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Human Rights Dimensions of COVID-19

By The Human Rights Center Team

Here are the HRC’s top 12 human rights dimensions of the pandemic from the perspective of human rights advocacy and practice, and grounded in our location in Dayton, Ohio in the United States:

Rights in Crisis 

1. In times of crisis, the critical role that governments play to protect, promote and ensure the enjoyment of human rights becomes more visible and immediate. In declaring the COVID-19 outbreak a pandemic recently, the World Health Organization’s Secretary-General expressed deep concern not just about the alarming levels of spread and severity of the virus, but also about “the alarming levels of inaction” of many countries. While government action and global cooperation is essential, human rights also place limits on what is acceptable in times of crisis. Human rights experts recently reminded all governments that while emergency declarations can be appropriate, they “should not be used as a basis to target particular groups, minorities, or individuals.” Restrictions should be tailored to meet core public health objectives and not used as cover for quashing dissent. In the US, the Trump administration’s plan to exclude refugees and migrants at the southern border due to the COVID-19 pandemic raises precisely these concerns.

The Right to Health is Far-Reaching 

2. The right to health is a fundamental human right, and also a wide-ranging one, secured by the Universal Declaration on Human Rights (UDHR) and the International Covenant on Economic, Social and Cultural Rights (ICESCR). It affords a number of entitlements that governments are obliged to provide, many of which are relevant to this crisis. These include equal access to quality health care; prevention, treatment and control of diseases; access to essential medicines, as well as health education and information; and a right to participate in health-related decision-making. The actions taken to prevent contagion and spread of COVID-19 should be crafted to preserve and protect health care systems for persons requiring regular medical care. It is equally vital to ensure that all people have access to free testing and care related to the virus. In the US and throughout the world, many health care systems do not recognize a basic right to health care for all.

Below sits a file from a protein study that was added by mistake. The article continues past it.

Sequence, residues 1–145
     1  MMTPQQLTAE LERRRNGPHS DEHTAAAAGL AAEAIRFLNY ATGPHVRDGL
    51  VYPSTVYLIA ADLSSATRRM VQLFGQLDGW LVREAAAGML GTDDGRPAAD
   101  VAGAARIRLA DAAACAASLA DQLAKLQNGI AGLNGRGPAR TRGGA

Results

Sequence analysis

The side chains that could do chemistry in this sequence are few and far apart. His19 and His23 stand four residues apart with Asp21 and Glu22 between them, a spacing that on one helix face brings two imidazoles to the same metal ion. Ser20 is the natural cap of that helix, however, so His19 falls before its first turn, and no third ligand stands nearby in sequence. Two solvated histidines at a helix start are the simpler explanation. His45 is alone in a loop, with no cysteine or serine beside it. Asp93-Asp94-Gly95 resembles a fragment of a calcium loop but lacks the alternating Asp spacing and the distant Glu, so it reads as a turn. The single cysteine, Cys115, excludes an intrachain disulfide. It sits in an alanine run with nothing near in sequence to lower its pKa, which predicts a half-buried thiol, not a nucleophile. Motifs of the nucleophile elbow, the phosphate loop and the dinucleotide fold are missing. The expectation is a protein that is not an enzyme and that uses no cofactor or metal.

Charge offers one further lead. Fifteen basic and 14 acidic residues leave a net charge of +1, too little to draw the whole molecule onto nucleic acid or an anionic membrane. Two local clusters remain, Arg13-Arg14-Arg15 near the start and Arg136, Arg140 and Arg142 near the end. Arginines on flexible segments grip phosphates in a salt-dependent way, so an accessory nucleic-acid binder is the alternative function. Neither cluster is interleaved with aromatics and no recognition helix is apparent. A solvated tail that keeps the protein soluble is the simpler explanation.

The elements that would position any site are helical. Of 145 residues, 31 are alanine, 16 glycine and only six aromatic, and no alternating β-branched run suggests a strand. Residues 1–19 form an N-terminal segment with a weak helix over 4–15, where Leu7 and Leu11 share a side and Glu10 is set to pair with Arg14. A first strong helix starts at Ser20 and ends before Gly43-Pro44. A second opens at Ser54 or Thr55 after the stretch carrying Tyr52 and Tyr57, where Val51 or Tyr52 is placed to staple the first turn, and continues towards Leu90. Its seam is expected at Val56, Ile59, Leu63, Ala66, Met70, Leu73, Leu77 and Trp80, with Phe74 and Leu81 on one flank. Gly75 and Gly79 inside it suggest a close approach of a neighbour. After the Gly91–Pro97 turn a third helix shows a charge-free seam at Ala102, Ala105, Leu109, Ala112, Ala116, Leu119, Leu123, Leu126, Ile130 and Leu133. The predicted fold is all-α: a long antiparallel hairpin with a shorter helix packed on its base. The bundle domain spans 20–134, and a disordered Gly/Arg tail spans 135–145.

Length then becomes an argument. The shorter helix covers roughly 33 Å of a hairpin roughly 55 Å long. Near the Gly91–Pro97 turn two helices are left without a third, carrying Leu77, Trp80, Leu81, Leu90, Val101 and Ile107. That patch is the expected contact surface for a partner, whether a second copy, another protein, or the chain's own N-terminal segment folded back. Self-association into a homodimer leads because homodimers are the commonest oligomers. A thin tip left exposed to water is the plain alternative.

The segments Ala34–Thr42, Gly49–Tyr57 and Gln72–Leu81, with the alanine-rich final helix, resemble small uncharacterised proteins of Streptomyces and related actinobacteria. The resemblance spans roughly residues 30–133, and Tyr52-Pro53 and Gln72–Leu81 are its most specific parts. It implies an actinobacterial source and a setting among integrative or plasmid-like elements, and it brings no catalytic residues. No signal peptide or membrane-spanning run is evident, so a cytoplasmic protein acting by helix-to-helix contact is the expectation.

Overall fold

3. Our human right to the highest attainment of physical and mental health includes and is linked to other social and economic rights, particularly the right to safe food, adequate nutrition and housing, and safe drinking water and sanitation. Governments are responsible for ensuring that everyone enjoys these rights equally and without discrimination. Actions like those taken by Dayton city leaders and businesses to suspend eviction cases, halt water shutoffs and pause disconnections of electricity accord with these requirements. But further proactive measures are needed to ensure vulnerable individuals are able to enjoy these rights throughout the pandemic. 

4. Social distancing, work disruptions, school closures, and restrictions on public engagement will have impacts on the mental health of potentially millions of people globally. Both individual and government action are required to maintain mental health and resilience, and to address increased stress on those with pre-existing mental health issues. Moreover, the current pandemic will likely aggravate existing high rates of violence in societies targeted at vulnerable groups, particularly women. Worldwide, one in three women experiences physical, sexual or emotional violence in her lifetime; one in five experiences rape or attempted rape. Studies indicate that in times of crisis, violence against women becomes more rather than less pervasive. 

The Vulnerable are at Greatest Risk